With the seat out of the way it was strip adding day. Today’s strips are starting to go up over the top, so a screw is necessary here and there. I got lazy yesterday and did not glue the ends together. I don’t want to do it now because the c-clamps will be in the way. It’s hard to believe this mess on the ends will look like a canoe later.
You really have to pay attention when adding strips to be sure not to have the joints all in the same spot. All the boards I bought were six feet long so the joints want to match up. That would not look right, and would be a weak spot if they all were in the same place.
One thing to be careful of is getting the joints too close to the ends. The strips have to bend down and in at the same time. It’s a nice place to put a joint except that it’s really hard to hold them in place with all the pressure from the bends. I tried a couple and they have gaps, so I won’t do that anymore. Gaps don’t look good. Here is a pic of this joint from both sides. I had to put in way too many staples to hold it in place and it still gaps a little.
I use an old bowl with some water to keep a glue rag in. It helps to keep the glue wiped up. Just try not to smear too much of it into the wood grain.
These pictures show how much the strips need to bend, this is why no joints too close to the ends.
I don’t spend a lot on a stapler for this job. The glue is sort of hard on them. I put a piece of blue tape on the bottom to help keep out some glue. Probably someone that is more careful wouldn’t have this mess.
I put in a picture of this tool, I don’t know what it’s called or where to get one, but they work great to snip off strips. I got this one at a lawn sale for a dollar.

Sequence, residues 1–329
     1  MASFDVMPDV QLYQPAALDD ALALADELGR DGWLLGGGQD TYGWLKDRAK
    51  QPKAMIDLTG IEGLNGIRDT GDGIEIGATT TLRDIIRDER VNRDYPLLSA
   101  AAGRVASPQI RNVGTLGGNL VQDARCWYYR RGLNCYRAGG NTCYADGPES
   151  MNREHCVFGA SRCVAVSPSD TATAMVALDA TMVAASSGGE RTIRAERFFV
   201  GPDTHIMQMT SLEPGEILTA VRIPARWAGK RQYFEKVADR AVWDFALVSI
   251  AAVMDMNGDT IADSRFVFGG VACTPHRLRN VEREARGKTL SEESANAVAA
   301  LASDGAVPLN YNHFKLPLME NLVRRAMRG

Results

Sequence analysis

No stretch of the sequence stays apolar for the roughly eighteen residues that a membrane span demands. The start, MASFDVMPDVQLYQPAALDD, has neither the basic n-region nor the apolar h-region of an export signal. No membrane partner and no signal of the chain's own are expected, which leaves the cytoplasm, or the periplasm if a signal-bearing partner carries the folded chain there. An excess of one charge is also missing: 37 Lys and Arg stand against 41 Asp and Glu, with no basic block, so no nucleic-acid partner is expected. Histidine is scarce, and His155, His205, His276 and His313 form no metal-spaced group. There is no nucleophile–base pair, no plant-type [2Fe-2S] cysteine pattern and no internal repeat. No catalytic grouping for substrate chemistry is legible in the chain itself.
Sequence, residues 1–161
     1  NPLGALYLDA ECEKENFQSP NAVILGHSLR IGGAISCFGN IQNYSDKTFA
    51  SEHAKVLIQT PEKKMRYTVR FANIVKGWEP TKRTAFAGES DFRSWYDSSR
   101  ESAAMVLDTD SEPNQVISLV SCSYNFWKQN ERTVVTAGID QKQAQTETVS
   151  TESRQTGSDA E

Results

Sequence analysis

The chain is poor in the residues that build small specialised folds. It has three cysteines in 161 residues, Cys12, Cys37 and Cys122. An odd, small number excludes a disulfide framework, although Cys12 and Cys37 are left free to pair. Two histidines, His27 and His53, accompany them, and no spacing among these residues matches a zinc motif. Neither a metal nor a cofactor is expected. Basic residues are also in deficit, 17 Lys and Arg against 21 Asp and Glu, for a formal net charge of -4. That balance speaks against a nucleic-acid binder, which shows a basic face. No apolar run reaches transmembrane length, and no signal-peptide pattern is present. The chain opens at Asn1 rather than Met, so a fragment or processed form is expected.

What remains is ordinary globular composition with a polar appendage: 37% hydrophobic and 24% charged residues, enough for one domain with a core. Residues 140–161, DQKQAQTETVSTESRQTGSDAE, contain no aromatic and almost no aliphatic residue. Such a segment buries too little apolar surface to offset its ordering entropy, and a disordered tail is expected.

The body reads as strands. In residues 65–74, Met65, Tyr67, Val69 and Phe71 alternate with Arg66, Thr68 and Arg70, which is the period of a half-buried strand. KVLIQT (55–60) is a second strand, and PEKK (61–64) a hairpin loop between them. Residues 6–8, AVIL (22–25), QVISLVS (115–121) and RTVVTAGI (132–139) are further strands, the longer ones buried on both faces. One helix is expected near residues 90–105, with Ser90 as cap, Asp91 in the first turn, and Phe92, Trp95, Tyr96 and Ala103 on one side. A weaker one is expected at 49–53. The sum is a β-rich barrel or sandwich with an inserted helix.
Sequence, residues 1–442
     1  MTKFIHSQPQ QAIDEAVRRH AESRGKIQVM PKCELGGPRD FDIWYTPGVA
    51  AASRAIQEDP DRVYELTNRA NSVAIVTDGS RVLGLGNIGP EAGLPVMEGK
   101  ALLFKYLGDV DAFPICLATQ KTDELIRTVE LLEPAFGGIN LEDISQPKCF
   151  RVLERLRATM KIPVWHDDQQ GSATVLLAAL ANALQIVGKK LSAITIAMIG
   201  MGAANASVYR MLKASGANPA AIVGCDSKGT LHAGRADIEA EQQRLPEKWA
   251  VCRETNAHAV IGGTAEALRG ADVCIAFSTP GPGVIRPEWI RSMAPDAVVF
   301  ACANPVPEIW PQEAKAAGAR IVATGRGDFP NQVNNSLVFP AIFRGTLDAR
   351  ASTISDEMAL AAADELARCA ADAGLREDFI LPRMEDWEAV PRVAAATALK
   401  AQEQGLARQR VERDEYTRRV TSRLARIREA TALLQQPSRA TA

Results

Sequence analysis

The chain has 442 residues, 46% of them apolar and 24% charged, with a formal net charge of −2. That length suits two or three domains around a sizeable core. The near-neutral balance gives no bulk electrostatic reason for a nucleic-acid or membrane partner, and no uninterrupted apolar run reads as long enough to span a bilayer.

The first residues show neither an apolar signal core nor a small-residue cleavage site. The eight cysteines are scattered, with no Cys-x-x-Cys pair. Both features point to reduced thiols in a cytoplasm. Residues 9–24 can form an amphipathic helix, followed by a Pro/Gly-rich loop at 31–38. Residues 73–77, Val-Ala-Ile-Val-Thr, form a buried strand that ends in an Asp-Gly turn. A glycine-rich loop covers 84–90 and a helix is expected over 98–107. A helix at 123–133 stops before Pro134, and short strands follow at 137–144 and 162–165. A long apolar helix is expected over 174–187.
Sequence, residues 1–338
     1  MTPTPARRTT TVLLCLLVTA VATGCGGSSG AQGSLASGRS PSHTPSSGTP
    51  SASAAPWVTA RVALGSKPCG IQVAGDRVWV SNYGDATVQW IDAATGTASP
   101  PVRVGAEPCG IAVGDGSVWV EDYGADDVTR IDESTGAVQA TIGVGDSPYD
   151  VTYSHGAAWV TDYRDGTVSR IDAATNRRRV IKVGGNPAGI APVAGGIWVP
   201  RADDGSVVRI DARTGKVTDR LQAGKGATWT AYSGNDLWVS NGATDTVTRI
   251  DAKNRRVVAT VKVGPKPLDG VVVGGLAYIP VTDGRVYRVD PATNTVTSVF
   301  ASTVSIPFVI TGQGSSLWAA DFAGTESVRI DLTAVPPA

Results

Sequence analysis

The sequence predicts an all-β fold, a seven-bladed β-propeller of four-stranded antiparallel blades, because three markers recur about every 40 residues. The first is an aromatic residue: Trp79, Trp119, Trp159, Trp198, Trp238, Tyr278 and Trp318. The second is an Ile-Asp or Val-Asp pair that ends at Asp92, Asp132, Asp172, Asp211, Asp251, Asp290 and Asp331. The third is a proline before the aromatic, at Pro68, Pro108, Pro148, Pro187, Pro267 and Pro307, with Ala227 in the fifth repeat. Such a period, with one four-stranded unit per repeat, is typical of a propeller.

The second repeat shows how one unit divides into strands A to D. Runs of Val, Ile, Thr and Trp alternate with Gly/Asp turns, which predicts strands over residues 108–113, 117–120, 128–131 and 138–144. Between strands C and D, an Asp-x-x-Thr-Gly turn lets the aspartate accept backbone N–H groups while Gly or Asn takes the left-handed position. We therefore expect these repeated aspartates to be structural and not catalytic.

Not a good picture but this is how much glue I use. It doesn’t take much.
Even this much still squeezes out.
I think it helps to get the joint tighter if you can get above it. This stool works well. It’s small enough to kick from one side to the other. I suppose if I were a little taller it would help a little.
Here is a shot of the inside. What you want is the strips tight against the station.
When they don’t stay tight it’s time for some dry wall screws.
A quick finger update. It’s doing great. I lost a lot of feeling, it’s very numb, but it still works. I’ve given it a real workout the last few days and it’s standing up just fine. I’m not sure why all the skin is peeling off but I guess that’s part of it. It doesn’t look like much, but I’m sure that will come with time.
Here’s a staple update. I had 14 strips on each side and was almost done stapling the last one when I ran out. I had started with a new box. So, that means I have used 1200 staples thus far. Wow, that sounds terrible. It’s a lot, but you need to keep the strips where they belong. The other canoes I built were the same situation, so I guess it’s normal. So here is where we stand. The strips are coming up over the side. Soon they will be laying flat on the top of the stations. The only problem there is keeping the glue in the cove until you are ready for the strip. Oh well, no need to worry about that yet. There are 18 strips on each side. It’s looking “canoey”. Not sure if that’s a word but it works for me.
Not sure what the next couple days bring, but if I get a chance to work on it I will post an update.
-- Jeff in central Me.